By Judith Orr
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Angry protesters turn their back on Thatcher’s funeral

This article is over 11 years, 1 months old
Issue 2349
Demonstrators look away as Thatcher

Military bands marched down the road in advance of Margaret Thatcher’s funeral cortege in their full ceremonial regalia with pith helmets and some swathed in tiger skin.

Thatcher’s funeral was political. There was no way David Cameron could pretend otherwise.

The police code name for the event was Operation True Blue and it was a state funeral in everything but name costing the public up to £10 million.

Up to 300 demonstrators were in no mood for mourning at Ludgate Circus by the end of Fleet Street. Under pressure the police had allowed the protest and many demonstrators wore red to show they weren’t there to mourn.

“She sent gay rights back by two decades,” Susan Hansen told Socialist Worker, “So I’m here for Section 28.” This was the notorious law that banned councils from “promoting homosexuality”. Susan turned around and showed the back of her coat with a large number 28 sewn on.

Some of those invited to the funeral had to abandon their cabs and walk through the crowd in big hats and tail suits.

But Sue Thompson-Born and Hilary Barry came along together to be part of the protest. “We are here because we remember the 1970s, the 1980s and the 1990s, in fact we remember now. We are living with the legacy of Thatcherism.” said Sue. “Why should we respect the dead when she didn’t respect the living.”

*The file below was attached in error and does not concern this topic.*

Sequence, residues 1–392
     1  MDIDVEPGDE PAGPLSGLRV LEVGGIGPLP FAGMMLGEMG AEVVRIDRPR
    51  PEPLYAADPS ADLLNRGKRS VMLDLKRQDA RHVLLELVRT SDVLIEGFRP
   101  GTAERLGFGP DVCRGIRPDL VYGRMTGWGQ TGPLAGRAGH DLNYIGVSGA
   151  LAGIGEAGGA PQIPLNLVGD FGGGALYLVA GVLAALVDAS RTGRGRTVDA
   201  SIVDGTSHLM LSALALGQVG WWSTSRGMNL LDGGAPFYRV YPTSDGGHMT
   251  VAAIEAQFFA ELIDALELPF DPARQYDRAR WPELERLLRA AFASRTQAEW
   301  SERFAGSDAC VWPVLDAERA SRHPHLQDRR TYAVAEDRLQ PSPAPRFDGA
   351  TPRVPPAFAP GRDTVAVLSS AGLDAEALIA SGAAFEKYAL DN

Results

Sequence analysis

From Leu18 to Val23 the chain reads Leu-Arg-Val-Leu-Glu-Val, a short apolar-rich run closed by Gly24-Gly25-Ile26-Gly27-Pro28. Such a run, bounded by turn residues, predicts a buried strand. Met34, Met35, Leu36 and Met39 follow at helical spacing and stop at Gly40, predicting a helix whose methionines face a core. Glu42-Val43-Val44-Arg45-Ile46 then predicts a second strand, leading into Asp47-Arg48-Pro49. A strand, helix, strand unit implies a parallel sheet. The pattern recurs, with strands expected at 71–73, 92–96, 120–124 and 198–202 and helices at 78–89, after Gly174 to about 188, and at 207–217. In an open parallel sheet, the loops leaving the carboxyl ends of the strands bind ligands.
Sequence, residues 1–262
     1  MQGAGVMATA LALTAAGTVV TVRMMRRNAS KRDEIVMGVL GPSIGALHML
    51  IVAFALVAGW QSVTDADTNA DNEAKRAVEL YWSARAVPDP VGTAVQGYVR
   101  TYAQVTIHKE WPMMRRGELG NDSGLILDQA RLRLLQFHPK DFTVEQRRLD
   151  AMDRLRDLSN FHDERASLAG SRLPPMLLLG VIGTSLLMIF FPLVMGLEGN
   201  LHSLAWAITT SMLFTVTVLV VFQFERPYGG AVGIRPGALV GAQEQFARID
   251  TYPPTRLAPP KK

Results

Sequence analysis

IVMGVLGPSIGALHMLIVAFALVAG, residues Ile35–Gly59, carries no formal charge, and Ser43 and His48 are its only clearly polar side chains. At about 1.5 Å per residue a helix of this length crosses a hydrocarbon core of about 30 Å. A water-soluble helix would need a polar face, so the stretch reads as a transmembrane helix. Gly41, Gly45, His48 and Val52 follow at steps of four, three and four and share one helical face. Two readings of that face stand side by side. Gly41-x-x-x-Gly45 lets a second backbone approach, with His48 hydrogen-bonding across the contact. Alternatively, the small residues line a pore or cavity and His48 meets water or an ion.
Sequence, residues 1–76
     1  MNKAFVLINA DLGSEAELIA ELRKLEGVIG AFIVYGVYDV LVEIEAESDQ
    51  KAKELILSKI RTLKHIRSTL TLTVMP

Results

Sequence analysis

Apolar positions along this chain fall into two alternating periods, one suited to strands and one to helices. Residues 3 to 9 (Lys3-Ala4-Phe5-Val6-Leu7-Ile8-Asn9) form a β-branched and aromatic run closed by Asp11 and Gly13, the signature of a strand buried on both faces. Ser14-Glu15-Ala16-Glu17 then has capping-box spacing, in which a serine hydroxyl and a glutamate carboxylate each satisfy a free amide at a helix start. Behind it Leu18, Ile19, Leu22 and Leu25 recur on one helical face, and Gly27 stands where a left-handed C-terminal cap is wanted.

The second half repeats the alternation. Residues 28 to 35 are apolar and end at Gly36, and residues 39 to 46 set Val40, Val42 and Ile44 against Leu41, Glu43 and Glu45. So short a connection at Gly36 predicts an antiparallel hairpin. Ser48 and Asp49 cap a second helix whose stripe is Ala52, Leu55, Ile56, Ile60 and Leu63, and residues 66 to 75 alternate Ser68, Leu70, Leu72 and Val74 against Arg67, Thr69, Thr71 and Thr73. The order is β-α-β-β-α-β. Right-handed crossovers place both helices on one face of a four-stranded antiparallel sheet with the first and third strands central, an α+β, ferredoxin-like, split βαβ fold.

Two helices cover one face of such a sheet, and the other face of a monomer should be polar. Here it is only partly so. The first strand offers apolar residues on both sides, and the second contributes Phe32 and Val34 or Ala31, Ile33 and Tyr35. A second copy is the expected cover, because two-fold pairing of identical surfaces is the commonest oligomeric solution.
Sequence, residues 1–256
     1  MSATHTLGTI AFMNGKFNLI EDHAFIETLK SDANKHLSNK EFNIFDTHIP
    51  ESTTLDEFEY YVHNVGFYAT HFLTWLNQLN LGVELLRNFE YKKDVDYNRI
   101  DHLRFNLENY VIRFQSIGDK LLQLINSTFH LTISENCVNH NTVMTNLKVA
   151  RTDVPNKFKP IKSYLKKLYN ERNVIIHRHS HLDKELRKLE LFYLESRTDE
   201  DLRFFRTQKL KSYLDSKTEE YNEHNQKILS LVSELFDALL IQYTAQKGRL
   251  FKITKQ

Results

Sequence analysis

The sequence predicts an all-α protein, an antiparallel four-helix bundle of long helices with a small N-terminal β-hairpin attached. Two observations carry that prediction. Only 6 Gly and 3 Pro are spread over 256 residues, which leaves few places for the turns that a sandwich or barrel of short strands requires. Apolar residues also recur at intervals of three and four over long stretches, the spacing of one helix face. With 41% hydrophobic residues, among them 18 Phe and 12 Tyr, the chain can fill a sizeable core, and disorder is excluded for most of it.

Hilary said she had come because “We owe it all to those people whose lives were made miserable by Thatcher.”

The Hillsborough Justice Campaign, which has fought for the 96 who died in the football stadium disaster, brought their banner.

Socialist Worker placards declared “We remember the miners, Falklands, poll tax, and Bobby Sands”. Others carried homemade placards denouncing Tory Scum.

When the cortege approached hundreds of protestors turned their backs together and holding their placards aloft booed and jeered.

One held up a pint of milk to symbolise the free milk Thatcher stole from seven year olds in 1971.

Inside St Pauls a few Tory celebrities friends including Terry Wogan and Shirley Bassey joined a mass of assorted right wingers and warmongers—including former US vice president Dick Cheney and ex secretary of state Henry Kissinger.

But at the numerous parties in pit villages and pubs across the country and among the protestors in London people cheered.

They were glad to witness the end of a hated Tory politician who had inflicted so much damage on so many ordinary working class people in her years in office.



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